If I were an artist, I would paint like Salisbury Tuckerman, who did the Constitution kedging away, becalmed under full sail, from a British fleet. To be at sea is a delight, it is so vast. Someone ought to catalogue the various descriptions writers have employed over the centuries; today I had time enough to observe it as I had never done before. Glaucous or pink or steely, with Athena's eyes or bouncing skittishly, it always has been to me a strange barometer or palette of love or the psyche, in a way that the sky was in my childhood. Some of the passengers went diving rather heavy-handedly in their plastic suits, making rough jokes and backflipping over the side (we had stopped to make repairs), but for me tidepools were enough; I was startled to find such delicate creatures alive on the rocks, where I had only known sandpipers and little burrowing crabs. Little purple anemones and urchins, feeding in the to-and-fro of surf, flowers of the sea—who would crush them unthinkingly, like a callow Administration of mindbending automatons and the greasers of their wheels? So many gulls fighting over orts on the shrinking beach, a dying old seal flapping in the breakers, the long slow palimpsest on which a generation wrote its epitaph, that is all behind me now, though yet another ersatz movie occupied the passengers' attention this evening, a tactless comedy of address (Meet The Doofuses!) put together on the analogy of plaster casts and museum reproductions. The technicians laughed politely, I thought. All this is very far behind us now. Bad films have an oblivion all their own, the graffiti of a nation. The light enchants me, it is so calm the ship rolls very little, there is only a little counterpoint of oscillation to the rise and fall of the sun over our steady speed, it makes the shadows elongate and shrink very gently, and the colors are imbued with light reflected from the ocean's surface, or the deck and fittings, or even the clothes of a passing promenader, with an inner sparkle I almost laugh at. The dancing lights of a marina in full sunlight signify to me the thoughts of youth, when we thought they held some permanent significance, and these observations are really no less idle, but an intense pleasure I have not known for many years has come upon me, sitting here in my cabin smelling the sea and hearing, I fancy, the moonlight trolling along the horizon, strolling the deck at noon amid the play of light and shade, the ineffable movement of color through air and water, combining and splitting in a thousand associations and dispartings, with that hidden chuckle like a snowflake of light.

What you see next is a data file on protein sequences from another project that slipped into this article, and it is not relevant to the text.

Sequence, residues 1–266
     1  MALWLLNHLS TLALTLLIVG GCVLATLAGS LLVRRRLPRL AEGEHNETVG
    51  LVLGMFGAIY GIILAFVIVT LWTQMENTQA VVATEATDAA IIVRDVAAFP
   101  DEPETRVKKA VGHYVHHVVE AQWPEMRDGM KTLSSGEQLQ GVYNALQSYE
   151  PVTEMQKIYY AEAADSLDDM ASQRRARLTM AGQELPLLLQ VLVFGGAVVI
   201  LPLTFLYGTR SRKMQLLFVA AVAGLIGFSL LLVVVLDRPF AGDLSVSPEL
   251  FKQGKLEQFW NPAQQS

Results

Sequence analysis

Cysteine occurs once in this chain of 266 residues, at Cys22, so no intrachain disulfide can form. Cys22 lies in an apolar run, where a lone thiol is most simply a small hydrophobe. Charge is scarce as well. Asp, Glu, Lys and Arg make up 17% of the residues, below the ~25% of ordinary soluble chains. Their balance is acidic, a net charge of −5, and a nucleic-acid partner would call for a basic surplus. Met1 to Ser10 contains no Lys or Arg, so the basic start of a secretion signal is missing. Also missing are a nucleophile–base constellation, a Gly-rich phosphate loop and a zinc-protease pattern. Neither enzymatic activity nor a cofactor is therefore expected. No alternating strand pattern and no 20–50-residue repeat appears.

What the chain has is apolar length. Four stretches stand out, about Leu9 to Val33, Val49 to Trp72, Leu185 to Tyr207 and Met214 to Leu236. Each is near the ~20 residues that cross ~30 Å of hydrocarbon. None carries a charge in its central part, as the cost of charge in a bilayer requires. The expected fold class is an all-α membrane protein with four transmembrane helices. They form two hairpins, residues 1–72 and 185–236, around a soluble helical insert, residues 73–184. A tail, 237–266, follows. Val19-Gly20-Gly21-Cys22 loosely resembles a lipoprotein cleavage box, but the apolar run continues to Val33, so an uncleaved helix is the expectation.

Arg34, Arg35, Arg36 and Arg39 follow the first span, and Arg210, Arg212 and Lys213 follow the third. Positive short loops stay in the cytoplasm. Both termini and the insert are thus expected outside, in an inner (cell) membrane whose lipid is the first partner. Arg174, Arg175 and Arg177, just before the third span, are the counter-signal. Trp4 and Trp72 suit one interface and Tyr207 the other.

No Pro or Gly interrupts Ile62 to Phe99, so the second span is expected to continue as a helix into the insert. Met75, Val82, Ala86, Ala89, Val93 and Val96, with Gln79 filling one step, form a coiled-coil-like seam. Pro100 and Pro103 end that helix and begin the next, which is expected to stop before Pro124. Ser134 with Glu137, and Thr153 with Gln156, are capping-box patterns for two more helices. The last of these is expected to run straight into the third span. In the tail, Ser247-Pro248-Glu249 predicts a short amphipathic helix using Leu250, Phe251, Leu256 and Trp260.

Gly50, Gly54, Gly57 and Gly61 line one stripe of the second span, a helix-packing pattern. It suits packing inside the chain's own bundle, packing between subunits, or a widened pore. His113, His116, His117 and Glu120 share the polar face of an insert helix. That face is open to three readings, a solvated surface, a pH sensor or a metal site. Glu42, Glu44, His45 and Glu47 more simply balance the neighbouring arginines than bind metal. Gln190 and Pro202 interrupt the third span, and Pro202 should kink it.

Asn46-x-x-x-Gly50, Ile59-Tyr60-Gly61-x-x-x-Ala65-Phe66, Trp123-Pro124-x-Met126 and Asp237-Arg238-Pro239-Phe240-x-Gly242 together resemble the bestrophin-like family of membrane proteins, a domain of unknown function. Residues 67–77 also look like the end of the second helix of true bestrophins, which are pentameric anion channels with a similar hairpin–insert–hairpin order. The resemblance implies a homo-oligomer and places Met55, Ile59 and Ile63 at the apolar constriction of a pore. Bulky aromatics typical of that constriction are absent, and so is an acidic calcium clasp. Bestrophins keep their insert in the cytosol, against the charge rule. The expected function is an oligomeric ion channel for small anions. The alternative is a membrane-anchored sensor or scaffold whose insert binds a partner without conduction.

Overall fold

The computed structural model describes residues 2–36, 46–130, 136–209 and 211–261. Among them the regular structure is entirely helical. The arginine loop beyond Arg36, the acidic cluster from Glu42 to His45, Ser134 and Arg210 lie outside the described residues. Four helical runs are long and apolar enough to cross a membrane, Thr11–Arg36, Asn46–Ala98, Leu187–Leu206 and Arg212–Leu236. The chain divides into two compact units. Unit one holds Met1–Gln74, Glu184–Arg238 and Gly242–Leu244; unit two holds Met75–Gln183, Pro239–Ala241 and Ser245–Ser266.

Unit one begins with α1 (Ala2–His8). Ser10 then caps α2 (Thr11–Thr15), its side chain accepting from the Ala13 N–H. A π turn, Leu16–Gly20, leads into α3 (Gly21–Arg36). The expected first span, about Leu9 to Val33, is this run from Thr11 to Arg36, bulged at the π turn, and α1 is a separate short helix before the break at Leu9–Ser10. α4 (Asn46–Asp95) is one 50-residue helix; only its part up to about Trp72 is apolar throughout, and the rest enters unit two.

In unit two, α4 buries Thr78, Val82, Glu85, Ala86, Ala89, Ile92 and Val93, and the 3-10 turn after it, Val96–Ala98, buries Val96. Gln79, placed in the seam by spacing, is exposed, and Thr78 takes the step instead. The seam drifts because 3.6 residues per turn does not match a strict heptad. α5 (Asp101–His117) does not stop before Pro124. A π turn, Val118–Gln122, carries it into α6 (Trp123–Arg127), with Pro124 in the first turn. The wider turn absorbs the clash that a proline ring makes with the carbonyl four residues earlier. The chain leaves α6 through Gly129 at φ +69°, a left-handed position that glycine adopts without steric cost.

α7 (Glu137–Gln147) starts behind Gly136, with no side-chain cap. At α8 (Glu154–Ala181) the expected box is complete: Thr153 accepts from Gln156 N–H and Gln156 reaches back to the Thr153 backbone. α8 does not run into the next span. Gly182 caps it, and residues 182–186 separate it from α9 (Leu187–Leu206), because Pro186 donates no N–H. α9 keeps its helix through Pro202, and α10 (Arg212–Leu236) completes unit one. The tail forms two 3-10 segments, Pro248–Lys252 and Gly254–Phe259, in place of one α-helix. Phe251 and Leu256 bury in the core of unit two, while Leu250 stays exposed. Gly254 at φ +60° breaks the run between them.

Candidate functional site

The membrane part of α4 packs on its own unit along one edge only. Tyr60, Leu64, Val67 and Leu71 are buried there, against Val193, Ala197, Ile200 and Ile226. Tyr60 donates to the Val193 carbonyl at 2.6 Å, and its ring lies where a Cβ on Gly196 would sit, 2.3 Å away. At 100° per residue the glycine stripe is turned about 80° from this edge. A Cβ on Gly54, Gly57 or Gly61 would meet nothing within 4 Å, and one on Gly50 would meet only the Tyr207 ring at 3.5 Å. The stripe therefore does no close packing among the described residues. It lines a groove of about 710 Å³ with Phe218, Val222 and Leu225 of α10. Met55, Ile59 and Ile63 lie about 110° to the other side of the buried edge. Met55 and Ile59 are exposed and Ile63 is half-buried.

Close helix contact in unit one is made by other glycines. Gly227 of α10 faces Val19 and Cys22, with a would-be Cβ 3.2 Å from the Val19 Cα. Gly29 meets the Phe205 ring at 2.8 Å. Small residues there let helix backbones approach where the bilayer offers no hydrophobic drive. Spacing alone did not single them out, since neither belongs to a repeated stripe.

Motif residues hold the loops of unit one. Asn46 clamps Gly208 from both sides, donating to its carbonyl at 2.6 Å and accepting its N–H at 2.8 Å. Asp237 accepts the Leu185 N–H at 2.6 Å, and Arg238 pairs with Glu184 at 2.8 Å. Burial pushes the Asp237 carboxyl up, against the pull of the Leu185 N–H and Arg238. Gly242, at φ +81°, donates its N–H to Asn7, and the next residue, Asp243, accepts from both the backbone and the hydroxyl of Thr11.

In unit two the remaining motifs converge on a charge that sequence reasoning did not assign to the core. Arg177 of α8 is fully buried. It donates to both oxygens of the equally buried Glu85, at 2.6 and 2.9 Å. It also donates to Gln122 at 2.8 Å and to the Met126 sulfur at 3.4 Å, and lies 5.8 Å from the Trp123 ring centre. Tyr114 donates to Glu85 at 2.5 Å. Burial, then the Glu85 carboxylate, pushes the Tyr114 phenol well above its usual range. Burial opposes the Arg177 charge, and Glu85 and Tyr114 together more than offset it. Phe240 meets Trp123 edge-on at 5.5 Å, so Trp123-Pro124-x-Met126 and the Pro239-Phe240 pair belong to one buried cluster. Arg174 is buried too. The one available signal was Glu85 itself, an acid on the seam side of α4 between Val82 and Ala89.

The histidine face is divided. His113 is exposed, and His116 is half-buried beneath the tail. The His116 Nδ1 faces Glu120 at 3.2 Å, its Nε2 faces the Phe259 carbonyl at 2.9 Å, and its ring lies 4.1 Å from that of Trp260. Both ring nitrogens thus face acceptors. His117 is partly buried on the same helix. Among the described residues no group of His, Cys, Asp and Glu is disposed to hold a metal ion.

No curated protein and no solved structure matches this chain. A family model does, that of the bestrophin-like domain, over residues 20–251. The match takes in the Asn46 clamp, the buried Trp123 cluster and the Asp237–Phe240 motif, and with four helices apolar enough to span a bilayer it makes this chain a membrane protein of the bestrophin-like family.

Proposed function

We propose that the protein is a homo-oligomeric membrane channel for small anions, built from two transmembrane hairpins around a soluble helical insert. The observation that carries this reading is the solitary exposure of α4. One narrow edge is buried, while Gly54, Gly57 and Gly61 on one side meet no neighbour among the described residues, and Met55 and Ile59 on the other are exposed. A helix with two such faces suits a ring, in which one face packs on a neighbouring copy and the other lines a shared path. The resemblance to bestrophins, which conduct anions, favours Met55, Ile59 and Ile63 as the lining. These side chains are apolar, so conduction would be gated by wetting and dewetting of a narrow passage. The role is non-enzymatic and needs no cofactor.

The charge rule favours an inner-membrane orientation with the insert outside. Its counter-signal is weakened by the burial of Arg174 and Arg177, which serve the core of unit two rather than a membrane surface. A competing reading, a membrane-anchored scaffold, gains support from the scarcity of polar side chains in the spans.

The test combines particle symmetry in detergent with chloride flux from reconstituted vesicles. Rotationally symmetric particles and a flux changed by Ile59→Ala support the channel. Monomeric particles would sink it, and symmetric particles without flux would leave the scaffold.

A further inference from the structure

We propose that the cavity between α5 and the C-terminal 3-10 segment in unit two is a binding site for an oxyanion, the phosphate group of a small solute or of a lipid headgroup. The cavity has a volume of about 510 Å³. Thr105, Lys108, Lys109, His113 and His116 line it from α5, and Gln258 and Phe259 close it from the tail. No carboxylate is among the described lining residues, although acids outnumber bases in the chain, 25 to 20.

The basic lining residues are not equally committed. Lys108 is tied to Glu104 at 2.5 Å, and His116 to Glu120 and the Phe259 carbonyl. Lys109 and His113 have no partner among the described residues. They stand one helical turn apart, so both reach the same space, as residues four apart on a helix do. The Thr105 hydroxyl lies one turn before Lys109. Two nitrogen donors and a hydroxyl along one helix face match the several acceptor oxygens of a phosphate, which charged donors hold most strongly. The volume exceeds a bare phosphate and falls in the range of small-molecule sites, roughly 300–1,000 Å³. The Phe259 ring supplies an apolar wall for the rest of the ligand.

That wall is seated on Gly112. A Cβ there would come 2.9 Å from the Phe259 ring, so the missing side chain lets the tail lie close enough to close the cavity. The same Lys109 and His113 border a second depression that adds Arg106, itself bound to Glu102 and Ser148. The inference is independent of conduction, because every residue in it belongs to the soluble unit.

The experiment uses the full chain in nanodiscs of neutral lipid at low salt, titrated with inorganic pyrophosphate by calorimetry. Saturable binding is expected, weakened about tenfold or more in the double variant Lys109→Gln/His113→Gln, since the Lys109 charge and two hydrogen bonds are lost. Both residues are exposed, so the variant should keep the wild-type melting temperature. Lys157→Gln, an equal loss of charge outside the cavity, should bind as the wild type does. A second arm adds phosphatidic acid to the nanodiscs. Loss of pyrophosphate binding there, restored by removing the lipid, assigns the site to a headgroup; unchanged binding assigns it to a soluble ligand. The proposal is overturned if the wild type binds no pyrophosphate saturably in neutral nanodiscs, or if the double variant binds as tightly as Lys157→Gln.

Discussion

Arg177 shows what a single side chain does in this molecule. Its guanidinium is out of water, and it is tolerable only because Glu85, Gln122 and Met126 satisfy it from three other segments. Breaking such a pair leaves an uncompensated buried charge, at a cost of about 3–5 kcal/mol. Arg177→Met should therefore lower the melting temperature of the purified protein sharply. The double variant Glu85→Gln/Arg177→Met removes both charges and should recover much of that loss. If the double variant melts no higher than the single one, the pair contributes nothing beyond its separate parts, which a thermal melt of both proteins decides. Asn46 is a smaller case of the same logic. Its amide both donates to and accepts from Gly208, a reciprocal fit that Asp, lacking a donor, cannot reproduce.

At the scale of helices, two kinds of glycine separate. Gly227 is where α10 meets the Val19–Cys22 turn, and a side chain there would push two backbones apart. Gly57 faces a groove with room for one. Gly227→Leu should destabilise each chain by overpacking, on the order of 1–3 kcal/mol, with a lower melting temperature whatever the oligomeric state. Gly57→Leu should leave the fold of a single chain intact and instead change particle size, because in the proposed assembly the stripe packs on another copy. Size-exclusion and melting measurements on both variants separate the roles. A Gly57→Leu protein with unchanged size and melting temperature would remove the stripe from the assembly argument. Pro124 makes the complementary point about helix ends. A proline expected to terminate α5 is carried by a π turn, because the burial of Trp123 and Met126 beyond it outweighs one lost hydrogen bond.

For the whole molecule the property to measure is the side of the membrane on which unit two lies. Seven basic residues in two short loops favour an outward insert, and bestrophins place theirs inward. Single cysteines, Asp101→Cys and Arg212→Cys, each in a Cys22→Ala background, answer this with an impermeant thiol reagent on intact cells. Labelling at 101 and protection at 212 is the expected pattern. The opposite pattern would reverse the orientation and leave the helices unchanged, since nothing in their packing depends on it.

March 4th

 

     Now exile is over at last, we are in port, and I am only waiting for the University party to arrive; then I shall be home, and free. I awoke sitting at my cabin desk well before sunup, looking at the butterfly stars with a strange elation (and it isn't strange that I should write "strange" so many times here) which has not left me. Once on deck and perceiving land, I noticed furthermore that my excitement had become generalized, and this I took as a sign of upcoming things in my native country, a wonderful harbinger. I remained on deck till midday, shielding myself from my robust fellow passengers, whose probing eyes I habitually feared, so long (so long!) had I been away, under the stares of the suspicious, in fear for my life, scurrying before the hateful gaze of the usurper. I thought I saw a surprisingly spruce old woman avert her face with a slow look of raptured recollection, but I could not be sure. All day I noted my impressions on deck, it seemed, in the furious flush of my pent-up imaginings and longings, so eager to forget all I had been through, the trials and tribulations of what had seemed a lifetime in exile. Toward sundown, mere hours from harbor, I carefully covered myself in a tartan blanket on a deck chair, and watched the setting sun, setting on defeat and humiliation. Nothing could perturb my anticipation, so suddenly risen with hope and expectation. I looked up, thought I was asleep, but a sandy-looking biologist was looking over her shoulder at me from the rail, and then she bent over to pick up the blanket which had slid from me in my meditation, her sea-salted strawberry hair flooded me completely, for a long time I seemed to taste that tangled and matted briny swirl of sun-drenched hair going in many directions, with the last rays of sunlight sparking through it in rainbow fireworks dampened by fervent wisps of coconut oil, then she disappeared and I made my way to my cabin, to record my very final feelings on returning from abroad, after so long a time.